An unpopular opinion in the financial independence community is that driving a 3 to 5 year old car is good. “To spend money on a new car is a financial disaster”, they say. That’s true, because most of the cars lose 25-30% of their value in the first 3 to 5 years. After that point, their value drops down at a more slower rate. Since cars lose value that fast, why would you spend money on a car at all?
A newer car has better safety systems which is why I would spend money on a car
You’ve all heard the stories about folks who got a $3000 beater and drove it till its last breath. It’s not a bad idea to drive a beater until you feel confident enough to spend $30k on a car. However, I don’t think this is the smartest decision in terms of safety. These 15-20 year old cars often have almost no safety features. They barely have ESP and few other essentials that are offered as standard nowadays.
2 years ago I was on the market for a new car. That was the moment I did my first steps into financial independence without realizing it. I knew that I would spend money on a car that I would own for at least 3-5 years. In our country, the standard of living is fairly low, so buying a 10-year-old car is what most people do. I made the decision and bought an old BMW 3 Series xDrive from 2009. Why did I decide to buy this one instead of a Skoda, VW, Ford, etc? Because I went through all the forums I could find and read everything about the segment that I was exploring. I found out that this car was more reliable and safe than most of its competitors. It was also more fun to drive.
The safety features of that car saved our lives
Last autumn we hit a wild animal on the highway. 5 people in the car, highway speed, and an animal that shouldn’t be there. We were all fine, the car behaved extremely well and I managed to pull over on the side of the road quickly enough before somebody hit us from behind in the dark. However, the car was totaled. Yet, all of its safety features saved our lives. I knew that all of the research I did before picking the car and then maintaining it as required by the manufacturer has paid off.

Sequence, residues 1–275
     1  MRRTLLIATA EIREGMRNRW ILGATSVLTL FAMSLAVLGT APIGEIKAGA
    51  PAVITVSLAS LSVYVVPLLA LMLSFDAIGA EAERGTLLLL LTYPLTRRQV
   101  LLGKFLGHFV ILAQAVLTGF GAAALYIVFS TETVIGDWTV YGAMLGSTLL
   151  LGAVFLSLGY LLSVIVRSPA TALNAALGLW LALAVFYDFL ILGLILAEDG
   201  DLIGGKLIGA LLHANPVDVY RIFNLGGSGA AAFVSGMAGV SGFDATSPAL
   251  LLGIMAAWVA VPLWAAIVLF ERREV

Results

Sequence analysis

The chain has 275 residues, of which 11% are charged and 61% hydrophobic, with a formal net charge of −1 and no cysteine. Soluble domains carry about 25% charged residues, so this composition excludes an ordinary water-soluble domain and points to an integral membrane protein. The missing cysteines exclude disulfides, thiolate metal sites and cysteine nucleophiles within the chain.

After that moment, we ended up with my partner’s car, which is a very reliable Lexus IS250 from 2008. That car was in her family since it left the dealership and also maintained as required by the manufacturer. However, as it is now 2020 and that car would require 2 sets of new tires (yes, it’s mandatory to use winter tires here), we decided that it’s a good idea to sell it and buy something newer. When we made that decision, we sit down and talked about what kind of car we want to buy next.
The ideal moment to spend money on a car
We planned to part ways with my BMW, as we didn’t need a second car. Essentially, I bought this car before we got together, so it was reasonable to sell it at some point because it had higher mileage than the Lexus. However, 2 sets of new tires for the 12 years old Lexus cost about €800. If we are going to sell it, from a financial perspective it makes sense to avoid spending that money now. Most private car sellers would never sell you their car with 2 sets of new tires. Then, why would we do it?
At the beginning of the year, we started to talk about swapping the Lexus with something newer and with more safety features. Thеn the pandemic hit and we essentially didn’t need a car at all because of the lockdown. However, we decided that it’s more reasonable to raise our income before parting ways with the car. My partner got a few new certificates, I got a new job, and am expecting a pay raise beginning of next year. This is the milestone we told ourselves that we need to achieve because it makes sense from a financial perspective. Rising our income will allow us to plan for a slightly newer car or do a bigger down payment.
Investments before spending money on a car
Another discussion point we had is that we first want to buy a rental property if we’re lucky enough to find one. We identified a property size, budget, neighborhood, and decided to wait for the real estate market to slow down a bit as prices are unreasonably high now. Yes, you can’t time the market, but you can avoid paying more than an asset’s worth. That approach is also valid for the car market at this point in time. During the pandemic, far fewer people buy cars and the industry is struggling, which drives the prices down.
In the future posts from the series, I’ll share with you all of the decisions we made before selecting the car we did, how I did my car research, and more. Stay tuned!